You can add to or withdraw from your savings at any time, so this type of savings account might benefit someone who needs to move money into and out of their savings account frequently.

Traditional savings accounts tend to have the lowest interest rates of any type of account, sometimes as little as 0.01%. Most banks and credit unions with physical branches offer at least one traditional savings account product.

High-Yield Savings Accounts

high-yield savings account works in much the same way as a traditional savings account but earns a higher interest rate. You’ll often find high-yield savings accounts at online banks. Because these banks have no overhead costs from physical locations, they can afford to offer more competitive rates.

High-yield savings accounts offer above-average APYs, and many have no fees or minimum balance requirements. A high-yield savings account can be a safe place to put cash savings and earn more than you would with a regular savings account.

The downside of an online high-yield savings account is that depositing and withdrawing your money may not be as easy as it is at a brick-and-mortar bank. You might have to wait a few business days to transfer money electronically, and cash deposits and withdrawals might not be supported by an online bank.

Money Market Accounts

money market account combines features of a checking account and a savings account. You can deposit savings in the account, but you’ll also be able to write checks or even use a debit card to withdraw funds from the account.

With a money market account, your savings earn interest, often at a rate comparable to a high-yield savings account. Some money market accounts have interest rate tiers, so the more money you have in the account, the higher your APY will be.

The ability to write checks or use a debit card means money market accounts have more liquidity than a high-yield savings account. However, some money market accounts have a minimum deposit required to open the account.

Read More: Best Checking Accounts of 2023

How To Choose the Best Savings Account for Your Goals

Choosing the right savings account for you depends on your personal finance goals. You must consider what your priorities are and look for a savings account that aligns with your needs.

One of the first questions to ask yourself when choosing a savings account is how accessible you want your savings to be. If liquidity is important to you, you might choose a traditional savings account at a brick-and-mortar bank over an online high-yield savings account.

On the other hand, if growing your savings is your goal, you’ll want to shop around to find the account with the highest APY. Just be sure to check if the accounts have minimum balance requirements or monthly maintenance fees that could reduce how much your savings grow.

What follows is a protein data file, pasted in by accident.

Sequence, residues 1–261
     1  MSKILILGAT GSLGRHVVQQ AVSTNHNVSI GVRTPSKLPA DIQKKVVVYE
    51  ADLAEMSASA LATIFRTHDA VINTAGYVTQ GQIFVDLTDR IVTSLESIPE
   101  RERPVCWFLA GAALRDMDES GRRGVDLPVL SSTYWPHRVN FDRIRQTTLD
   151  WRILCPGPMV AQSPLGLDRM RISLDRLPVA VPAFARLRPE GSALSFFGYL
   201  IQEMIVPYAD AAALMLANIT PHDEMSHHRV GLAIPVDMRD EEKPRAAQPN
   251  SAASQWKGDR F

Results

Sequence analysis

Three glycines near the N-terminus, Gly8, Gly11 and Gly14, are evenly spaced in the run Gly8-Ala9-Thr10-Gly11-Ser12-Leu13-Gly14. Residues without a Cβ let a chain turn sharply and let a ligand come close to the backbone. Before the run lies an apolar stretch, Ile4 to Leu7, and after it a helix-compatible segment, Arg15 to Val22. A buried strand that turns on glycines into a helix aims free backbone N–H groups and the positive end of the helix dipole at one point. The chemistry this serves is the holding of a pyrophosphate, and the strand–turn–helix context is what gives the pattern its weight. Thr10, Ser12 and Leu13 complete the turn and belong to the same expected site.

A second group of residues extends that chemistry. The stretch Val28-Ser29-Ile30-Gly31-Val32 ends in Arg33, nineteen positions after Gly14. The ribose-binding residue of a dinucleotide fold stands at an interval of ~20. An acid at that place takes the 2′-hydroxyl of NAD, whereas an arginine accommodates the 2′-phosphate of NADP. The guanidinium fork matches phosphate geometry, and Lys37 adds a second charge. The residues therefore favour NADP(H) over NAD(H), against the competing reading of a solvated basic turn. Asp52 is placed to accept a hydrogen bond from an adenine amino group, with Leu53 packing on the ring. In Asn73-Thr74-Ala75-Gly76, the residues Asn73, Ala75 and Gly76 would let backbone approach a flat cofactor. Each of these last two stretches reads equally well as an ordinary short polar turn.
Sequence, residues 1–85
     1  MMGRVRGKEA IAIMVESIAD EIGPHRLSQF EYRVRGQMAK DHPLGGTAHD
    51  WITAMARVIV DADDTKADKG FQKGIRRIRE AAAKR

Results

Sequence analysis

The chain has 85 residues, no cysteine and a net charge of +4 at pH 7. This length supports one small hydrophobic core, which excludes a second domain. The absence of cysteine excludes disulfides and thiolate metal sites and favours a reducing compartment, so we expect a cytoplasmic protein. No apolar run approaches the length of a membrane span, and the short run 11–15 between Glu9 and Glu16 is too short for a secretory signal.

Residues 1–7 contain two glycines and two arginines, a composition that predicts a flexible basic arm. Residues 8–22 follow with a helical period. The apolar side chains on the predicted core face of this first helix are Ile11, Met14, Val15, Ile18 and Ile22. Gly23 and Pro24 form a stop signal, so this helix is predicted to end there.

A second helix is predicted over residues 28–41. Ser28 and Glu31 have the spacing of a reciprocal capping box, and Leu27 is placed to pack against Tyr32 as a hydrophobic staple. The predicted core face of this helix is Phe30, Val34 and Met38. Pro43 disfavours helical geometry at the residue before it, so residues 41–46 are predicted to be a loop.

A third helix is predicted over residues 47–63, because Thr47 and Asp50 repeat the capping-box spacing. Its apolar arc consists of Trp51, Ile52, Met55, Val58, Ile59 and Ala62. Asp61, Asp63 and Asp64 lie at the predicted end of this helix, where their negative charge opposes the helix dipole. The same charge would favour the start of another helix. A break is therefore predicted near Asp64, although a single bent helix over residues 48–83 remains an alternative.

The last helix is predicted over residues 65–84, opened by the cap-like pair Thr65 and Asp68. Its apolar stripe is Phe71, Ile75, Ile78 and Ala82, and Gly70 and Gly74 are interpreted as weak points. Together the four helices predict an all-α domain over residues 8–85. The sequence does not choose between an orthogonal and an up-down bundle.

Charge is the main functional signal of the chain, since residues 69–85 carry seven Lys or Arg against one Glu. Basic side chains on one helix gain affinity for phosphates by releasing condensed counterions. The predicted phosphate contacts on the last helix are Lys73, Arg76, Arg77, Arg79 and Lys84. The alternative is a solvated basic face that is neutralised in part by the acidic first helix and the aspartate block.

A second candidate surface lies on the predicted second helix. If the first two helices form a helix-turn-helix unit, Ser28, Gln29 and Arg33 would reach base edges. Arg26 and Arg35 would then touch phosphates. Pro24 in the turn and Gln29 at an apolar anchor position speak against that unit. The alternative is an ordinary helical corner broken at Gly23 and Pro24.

How To Open a Savings Account

At most banks and credit unions, you can open a savings account in person, online or over the phone. Online-only banks will require you to open the account through the bank’s website.

If you’ve decided to open a savings account at a credit union, the first step is to check your eligibility. Credit unions usually have membership requirements you must meet before you can join and open your account.

When you go to open the account, you’ll need to have some documentation with you. Be sure to bring identification documents such as a driver’s license or Social Security number.

Once you open the account, you can deposit funds immediately. Some banks have a minimum opening deposit to fund the account, so make sure you have enough money to deposit if this is the case for your savings account. Depending on your bank, you might have a window of up to 30 days to fund your account after you open it.

Best Savings Account Frequently Asked Questions

What is a savings account, and why is it important to have one?

Savings accounts are designed to grow your money with more interest and fewer withdrawals. Putting money into a savings account can help you save for emergencies or big purchases and reduce the impact of inflation on your cash.

How can I compare savings accounts from different banks?

When comparing savings accounts, look at features like the interest rate, minimum deposit, fees associated with the account and whether the account can be accessed with mobile banking.

Is my money safe in a savings account?

The money in a savings account is insured up to $250,000 per depositor per bank by the federal government.

How much money should I keep in my savings account?

You should not keep more than $250,000 in accounts at a single bank, because that is the limit for federal deposit insurance.

Please seek the advice of a qualified professional before making financial decisions.
Last Modified: August 16, 2023

5 Cited Research Articles

Annuity.org writers adhere to strict sourcing guidelines and use only credible sources of information, including authoritative financial publications, academic organizations, peer-reviewed journals, highly regarded nonprofit organizations, government reports, court records and interviews with qualified experts. You can read more about our commitment to accuracy, fairness and transparency in our editorial guidelines.

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  2. Statista. (2023, January 2). Leading Banks in the United States in 2022, by Number of Branches. Retrieved from https://www.statista.com/statistics/935643/banks-with-the-most-branches-usa/
  3. Huffman, M. (2022, September 28). What To Look for In a Savings Account. Retrieved from https://www.alliantcreditunion.org/money-mentor/what-to-look-for-in-a-savings-account
  4. Maxwell, T. (2022, August 30). What Type of Savings Account Should You Open? Retrieved from https://www.cbsnews.com/news/savings-account-types/
  5. Russo, K. (2022, April 1). Types of Savings Accounts. Retrieved from https://www.americanexpress.com/en-us/credit-cards/credit-intel/types-of-savings-accounts/